11. Oh, Yeah! This is what I’ve been looking for: hard science fiction which clamps on to you like a pit bull and won’t let go. (view spoiler)[In the far future (maybe) beings seek and interact with a culture of semi-sentient of arthropods (maybe) who have to progress from early Iron Age through the theory of something like relativity in a single generation or die. Oh, and invent non-Euclidian geometry and calculus in the bargain. (hide spoiler)] Unlikely? Who cares? It’s a great story. In fac [...]

    12. OK, I pretty much love what Egan is doing period I've started with The Orthogonal trilogy which is basically about alternate universe and its intelligent inhabitants gradually discovering its somewhat different physical laws I had to make quite a lot of notes and reread many parts just to get through it with some satisfying comprehension and that one had quite a lot of drama and social conflict in it (so you probably can just skim through all the complicated stuff and still take quite a lot from [...]

    13. This is classic Egan. It's got an alien species that lives on an asteroid inside the accretion disk of a neutron star, which is totally bad ass! The "Aloof" play a small part in this book, but we don't actually get to meet them or anything.Minus one star for incomprehensibility. The cardinal directions in the splinter could easily have been named north/south/east/west but were instead alien sounding words that were simply harder to keep straight. I found this ironic because there's even a plot p [...]

    14. From Greg Egan's site: "A few reviewers complained that they had trouble keeping straight the physical meanings of the Splinterites’ directions. This leaves me wondering if they’ve really never encountered a book before that benefits from being read with a pad of paper and a pen beside it, or whether they’re just so hung up on the idea that only non-fiction should be accompanied by note-taking and diagram-scribbling that it never even occurred to them to do this."Also: "much of what I writ [...]

    15. One of the better Egan novels. Essentially the "science" hook here is an interesting way of explaining general and special relativity, which in real life are outside daily experience, but in the conditions of the book are quite relevant. Solid. The characters and plot were good too, although probably secondary to the exposition of science.

    16. There are other very good hard sf authors out there, but Egan is the gold standard IMO. A humane story about a grand search for personal meaning and a disaster adventure and a physics lesson all woven together.

    17. Every time a bit of plot threatens to pop up, a physics lecture swoops in and nips it right in the bud. SKIP IT.

    18. Enjoyed the universe and the story. I Had a hard time following a lot of the science. I'll have to give it another read sometime and see if the science is easier to follow knowing the outcome.

    19. I liked the book for the most part, though much if it was pretty tedious. I think those tedious parts come from two questionable decisions on Egan's part.The first was to rename directions into Arabic and Persian words. This did help a little to show that they were working with a physics alien to our own experience. However, in technical books, the definitions of technical terms need to be reinforced so the reader can remember them. I don't think Egan did enough of that, so it was too easy to gl [...]

    20. The long-awaited new novel from Greg Egan! Hugo Award-winning author Egan returns to the field with Incandescence, a new novel of hard SF.The Amalgam spans nearly the entire galaxy, and is composed of innumerable beings from a wild variety of races, some human or near it, some entirely other. The one place that they cannot go is the bulge, the bright, hot center of the galaxy. There dwell the Aloof, who for millions of years have deflected any and all attempts to communicate with or visit them. [...]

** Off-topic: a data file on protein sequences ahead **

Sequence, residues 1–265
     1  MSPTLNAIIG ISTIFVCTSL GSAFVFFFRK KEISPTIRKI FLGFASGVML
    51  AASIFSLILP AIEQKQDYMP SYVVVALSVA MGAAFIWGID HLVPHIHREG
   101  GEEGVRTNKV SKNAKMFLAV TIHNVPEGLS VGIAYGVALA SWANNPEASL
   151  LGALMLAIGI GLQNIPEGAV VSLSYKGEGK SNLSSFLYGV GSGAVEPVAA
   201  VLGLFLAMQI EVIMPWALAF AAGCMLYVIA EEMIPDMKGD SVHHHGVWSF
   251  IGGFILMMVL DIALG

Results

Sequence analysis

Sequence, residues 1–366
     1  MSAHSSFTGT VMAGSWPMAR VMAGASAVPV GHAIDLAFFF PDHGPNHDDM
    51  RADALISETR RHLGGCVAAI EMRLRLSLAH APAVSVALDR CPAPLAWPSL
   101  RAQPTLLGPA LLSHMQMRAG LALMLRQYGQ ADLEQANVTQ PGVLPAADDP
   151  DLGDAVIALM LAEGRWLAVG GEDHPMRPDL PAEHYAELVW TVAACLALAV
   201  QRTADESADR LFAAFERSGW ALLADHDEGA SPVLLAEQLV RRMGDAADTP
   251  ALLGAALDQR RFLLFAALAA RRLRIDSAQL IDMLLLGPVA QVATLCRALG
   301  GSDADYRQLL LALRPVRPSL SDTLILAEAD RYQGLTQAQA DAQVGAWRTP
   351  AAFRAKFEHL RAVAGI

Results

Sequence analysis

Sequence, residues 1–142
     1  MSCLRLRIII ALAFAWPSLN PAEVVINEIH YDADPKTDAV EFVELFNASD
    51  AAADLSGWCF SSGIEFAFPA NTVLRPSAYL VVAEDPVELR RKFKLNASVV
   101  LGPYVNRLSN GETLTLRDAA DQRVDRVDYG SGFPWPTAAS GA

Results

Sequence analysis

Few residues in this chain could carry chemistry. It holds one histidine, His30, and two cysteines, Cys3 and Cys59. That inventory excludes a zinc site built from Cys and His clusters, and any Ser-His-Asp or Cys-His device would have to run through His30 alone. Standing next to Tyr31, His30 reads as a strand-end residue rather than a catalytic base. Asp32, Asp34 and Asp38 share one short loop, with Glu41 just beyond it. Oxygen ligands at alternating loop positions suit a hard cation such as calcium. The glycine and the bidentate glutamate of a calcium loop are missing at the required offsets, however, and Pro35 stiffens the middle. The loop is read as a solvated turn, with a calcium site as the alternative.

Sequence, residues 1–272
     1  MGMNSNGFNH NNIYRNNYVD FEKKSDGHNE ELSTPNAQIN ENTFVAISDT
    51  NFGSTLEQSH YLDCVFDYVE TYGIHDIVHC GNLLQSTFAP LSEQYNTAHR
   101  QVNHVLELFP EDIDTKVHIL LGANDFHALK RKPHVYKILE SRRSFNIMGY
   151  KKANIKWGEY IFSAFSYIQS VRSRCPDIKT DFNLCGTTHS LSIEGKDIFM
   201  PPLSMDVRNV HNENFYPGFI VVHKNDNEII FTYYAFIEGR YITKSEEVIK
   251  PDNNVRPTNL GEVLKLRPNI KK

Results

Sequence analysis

21. Story set out in some far-future universe with two story-lines; one is about two bored post-humans sucked into some adventure journey through the galaxy, somehow guided/manipulated by the mysterious yet aptly-named Aloof. The second story is about an insectoid race living inside an orbiting rock, where a few of the previously very work-oriented creates get the gift of curiosity of the scientific kind and start constructing Newtonian physics and beyond. Of course, these two stories ultimately int [...]

    22. A much misunderstood book.I don't think much of an interest in physics or math is needed to follow the narrative or understand what's going on. Certainly no education beyond high school and popular movies is required. An interest in geometry and the history of physics would however definitely make the book more interesting.It seems many readers were either put off or very impressed because some characters are scientists and a small part of the book narrates their work in simple terms. While that [...]

    23. I found this book really hard to get started on, but once it got going, holy crap did it get going. I can't really explain the mind-blowing moments without ruining them, but I'll definitely say that slugging through the first bit is worth it in the end. I'm glad I stuck with it. <3

    24. Tedious descriptions of physics without any of the established nomenclature combined with an unsatisfying (nonexistent) ending. Maybe some would enjoy it, but not me.

    25. What a totally awesome book. space cockroaches inside a rock orbiting a bunch of stars, trying to work out the laws of physics.

    26. True hard sci-fi, in a truly alien setting. Follow along as the characters derive general relativity from basic principles and experimentation in order to save their world.

    27. As always with Egan it's more about setting than plot, but what a truly bizarre and fascinating setting it is.

    28. Another in my long slog towards Reading Everything By Greg Egan, Dammit.When I started this last week, I was completely thrown: it was familiar. Like, I had definitely read this before. Yet I had definitely got it from the TBR shelf, so wha? I thought about it, and I didn't remember the ending, but let's be honest - that's not exactly unusual for me. So I read a few more pages - still familiar. I read ahead 20 or so pages - getting less familiar. Eh; I decided just to keep reading, and see what [...]

    29. Da: webalice/michelestel . Incandescence � indubbiamente un buon romanzo, anche se non certamente un capolavoro. Un romanzo di hard SF, con molta, forse troppa, scienza e una dose ragionevole di fantasia. La storia � flebile, con un finale che non � chiuso, come se ci potesse essere un seguito. Ma sicuramente non � la storia l'aspetto migliore di questo romanzo, bens� la descrizione delle diverse societ� che si vengono ad incontrare. La prima � la societ� dell'Amalgama, che si [...]